Harriet Harman has told MPs she acted "within both the letter and spirit of the law" in the row over a property developer's disguised donations.
She came under fire for accepting a £5,000 donation for her deputy leader bid from Janet Kidd, who it turns out was acting on behalf of David Abrahams.
Gordon Brown has said that donations to Labour from Mr Abrahams, given under other people's names, were not lawful.
For the Tories, Theresa May said Ms Harman was facing a "sleaze scandal".
Police probe urged
The donations row this week was prompted by the revelation that more than £650,000 in donations had been made to Labour since 2003 by Mr Abrahams under other people's names.
That breaks the rules on donations and has prompted calls from the Lib Dems and Tories for a police investigation.
Meanwhile it has emerged that Wendy Alexander's campaign for the Scottish Labour leadership also broke the rules by accepting money from a Jersey-based businessman. An MSP has resigned from Labour's front bench at Holyrood over the affair.
At Westminster, Mrs May told MPs: "The Leader of the House, the prime minister and the Labour Party treasurer are like the three wise monkeys.
"They see no evil, hear no evil, and speak no evil. Quite simply it won't wash.
"The public knows sleaze when they see it. The people know spin when they hear it. And the voters will know what to do when they have their say. They'll get rid of this sleazy Labour government."
Mr Abrahams also offered money, using Janet Kidd's name, to Gordon Brown's leadership bid and Hilary Benn and Ms Harman's deputy leadership bids.
Mr Brown refused the money as he did not know Ms Kidd, Mr Benn accepted it only when the donation was made in Mr Abrahams' name.
Ms Harman said she took "in good faith" £5,000 without knowing it was actually Mr Abrahams' money.
During her weekly grilling by MPs as Leader of the House of Commons, she was asked by Mrs May to make a Commons statement on the issue.
She said that her team accepted the money after checking Janet Kidd was on the electoral roll and that she was an established Labour Party donor.
Ms Harman told Mrs May: "You can huff and puff but you will not blow this Leader of the House down."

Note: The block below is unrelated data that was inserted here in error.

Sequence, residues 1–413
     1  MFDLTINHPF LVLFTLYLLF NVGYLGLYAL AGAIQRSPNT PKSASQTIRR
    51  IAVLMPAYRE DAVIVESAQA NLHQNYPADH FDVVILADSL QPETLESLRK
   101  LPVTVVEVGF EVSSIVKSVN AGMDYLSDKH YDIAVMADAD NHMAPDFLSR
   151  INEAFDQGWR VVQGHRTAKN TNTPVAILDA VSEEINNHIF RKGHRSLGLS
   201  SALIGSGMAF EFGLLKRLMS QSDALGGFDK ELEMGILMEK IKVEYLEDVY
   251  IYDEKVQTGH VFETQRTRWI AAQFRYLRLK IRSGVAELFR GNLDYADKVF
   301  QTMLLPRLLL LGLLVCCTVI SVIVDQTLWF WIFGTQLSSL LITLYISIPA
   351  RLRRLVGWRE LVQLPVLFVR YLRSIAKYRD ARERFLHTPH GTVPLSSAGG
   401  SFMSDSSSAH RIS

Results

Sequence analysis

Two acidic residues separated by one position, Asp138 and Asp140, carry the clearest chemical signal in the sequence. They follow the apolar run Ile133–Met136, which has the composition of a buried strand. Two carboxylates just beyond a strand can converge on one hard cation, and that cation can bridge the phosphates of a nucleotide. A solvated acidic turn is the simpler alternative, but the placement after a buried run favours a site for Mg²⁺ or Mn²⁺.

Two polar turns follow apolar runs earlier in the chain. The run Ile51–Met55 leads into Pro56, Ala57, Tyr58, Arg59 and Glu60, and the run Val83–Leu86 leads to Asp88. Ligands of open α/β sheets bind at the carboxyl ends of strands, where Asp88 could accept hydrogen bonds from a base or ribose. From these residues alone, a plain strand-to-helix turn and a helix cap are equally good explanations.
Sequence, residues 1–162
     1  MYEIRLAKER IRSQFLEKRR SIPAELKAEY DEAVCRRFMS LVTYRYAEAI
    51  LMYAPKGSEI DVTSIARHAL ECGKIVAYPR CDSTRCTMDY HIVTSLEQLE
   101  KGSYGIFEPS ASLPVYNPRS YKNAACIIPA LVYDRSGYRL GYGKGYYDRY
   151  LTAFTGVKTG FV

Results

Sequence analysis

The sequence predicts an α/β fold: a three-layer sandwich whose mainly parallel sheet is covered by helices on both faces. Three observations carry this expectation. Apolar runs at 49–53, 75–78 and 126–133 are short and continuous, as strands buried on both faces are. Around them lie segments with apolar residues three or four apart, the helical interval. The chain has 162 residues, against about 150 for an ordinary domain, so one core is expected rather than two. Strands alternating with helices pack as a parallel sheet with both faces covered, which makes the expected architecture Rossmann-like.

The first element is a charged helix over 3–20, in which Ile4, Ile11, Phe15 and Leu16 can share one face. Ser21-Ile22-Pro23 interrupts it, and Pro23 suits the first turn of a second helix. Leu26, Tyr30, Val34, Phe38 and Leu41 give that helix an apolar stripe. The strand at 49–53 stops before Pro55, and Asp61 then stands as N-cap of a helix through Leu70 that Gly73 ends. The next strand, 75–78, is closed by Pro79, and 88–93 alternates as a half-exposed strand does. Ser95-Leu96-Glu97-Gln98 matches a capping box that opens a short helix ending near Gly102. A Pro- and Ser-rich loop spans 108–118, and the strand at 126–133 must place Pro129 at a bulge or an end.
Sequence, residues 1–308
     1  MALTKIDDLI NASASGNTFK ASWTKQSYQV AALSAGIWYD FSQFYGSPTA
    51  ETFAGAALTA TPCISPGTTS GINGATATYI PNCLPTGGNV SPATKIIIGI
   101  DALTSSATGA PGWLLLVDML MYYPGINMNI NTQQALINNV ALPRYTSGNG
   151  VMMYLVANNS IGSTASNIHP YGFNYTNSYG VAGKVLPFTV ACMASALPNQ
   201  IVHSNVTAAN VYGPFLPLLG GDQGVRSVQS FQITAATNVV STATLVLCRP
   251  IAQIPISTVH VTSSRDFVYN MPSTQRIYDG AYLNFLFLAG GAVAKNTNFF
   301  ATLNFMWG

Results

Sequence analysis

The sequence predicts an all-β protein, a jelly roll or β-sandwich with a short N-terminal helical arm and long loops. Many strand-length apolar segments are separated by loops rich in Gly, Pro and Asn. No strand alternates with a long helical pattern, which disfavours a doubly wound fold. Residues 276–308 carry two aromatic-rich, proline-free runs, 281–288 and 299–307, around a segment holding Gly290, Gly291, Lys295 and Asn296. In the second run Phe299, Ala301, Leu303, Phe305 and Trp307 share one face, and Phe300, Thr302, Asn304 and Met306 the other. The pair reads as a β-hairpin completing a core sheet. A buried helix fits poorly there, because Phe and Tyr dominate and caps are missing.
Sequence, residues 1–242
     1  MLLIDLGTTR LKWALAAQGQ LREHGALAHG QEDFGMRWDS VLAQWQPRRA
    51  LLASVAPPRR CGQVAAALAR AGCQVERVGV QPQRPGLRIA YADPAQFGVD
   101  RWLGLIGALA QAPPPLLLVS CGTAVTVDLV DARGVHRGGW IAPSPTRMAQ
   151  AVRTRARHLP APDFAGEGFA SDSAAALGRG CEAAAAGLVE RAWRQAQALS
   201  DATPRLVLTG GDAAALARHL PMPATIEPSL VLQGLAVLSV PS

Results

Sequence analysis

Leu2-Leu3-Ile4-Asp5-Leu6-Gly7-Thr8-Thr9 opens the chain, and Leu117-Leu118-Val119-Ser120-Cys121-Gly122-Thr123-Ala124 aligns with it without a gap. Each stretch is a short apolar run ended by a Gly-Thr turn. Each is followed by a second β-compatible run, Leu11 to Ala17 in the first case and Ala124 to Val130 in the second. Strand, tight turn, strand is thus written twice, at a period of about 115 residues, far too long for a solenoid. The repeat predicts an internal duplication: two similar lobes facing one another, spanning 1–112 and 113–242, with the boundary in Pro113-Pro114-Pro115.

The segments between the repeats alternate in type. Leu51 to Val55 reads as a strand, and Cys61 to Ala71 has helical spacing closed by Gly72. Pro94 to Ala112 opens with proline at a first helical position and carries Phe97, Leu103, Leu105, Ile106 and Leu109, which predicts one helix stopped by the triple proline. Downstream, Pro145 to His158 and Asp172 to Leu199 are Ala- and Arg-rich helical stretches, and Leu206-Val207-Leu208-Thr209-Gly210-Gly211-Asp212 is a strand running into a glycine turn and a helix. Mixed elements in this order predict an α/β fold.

Both she and her deputy leadership team had "acted at all times within both the letter and the spirit of the law," she said.
She also said there would be a debate in the Commons next week on standards in public life.
Gordon Brown said on Wednesday there was not "one iota" of evidence that Ms Harman knew about the donation's true origins before Saturday.
Mr Benn has said he rejected the donation from Janet Kidd after being told by one of his team, Baroness Jay, that the money was actually from Mr Abrahams.
Mr Abrahams, who says he donated money under other people's names to protect his privacy and did not know it broke laws, then agreed to give money to Mr Benn in his own name instead.
Ms Harman's husband, Jack Dromey, who is Labour's treasurer, was asked on Wednesday if he had known that Labour had been receiving donations from Mr Abrahams under Janet Kidd and three other people's names.
He did not specifically deny that, saying instead that the donations were "absolutely wrong" and saying "complete concealment" when asked if he or his wife had known about them.
On Monday Labour's general secretary, Peter Watt, resigned after admitting he knew such donations had been made to the party in recent years. He said he did not realise there was anything wrong with the practice.
And on Wednesday it emerged that the party's chief fundraiser, Jon Mendelsohn, was told about the disguised donations last month, shortly after his appointment.
He said he was told they "fully complied with the law" but was unhappy about it and determined it would not continue, but did not tell anyone else as he wanted to sort out the matter with Mr Abrahams personally.
It is not clear if any other people in the party knew about the donations.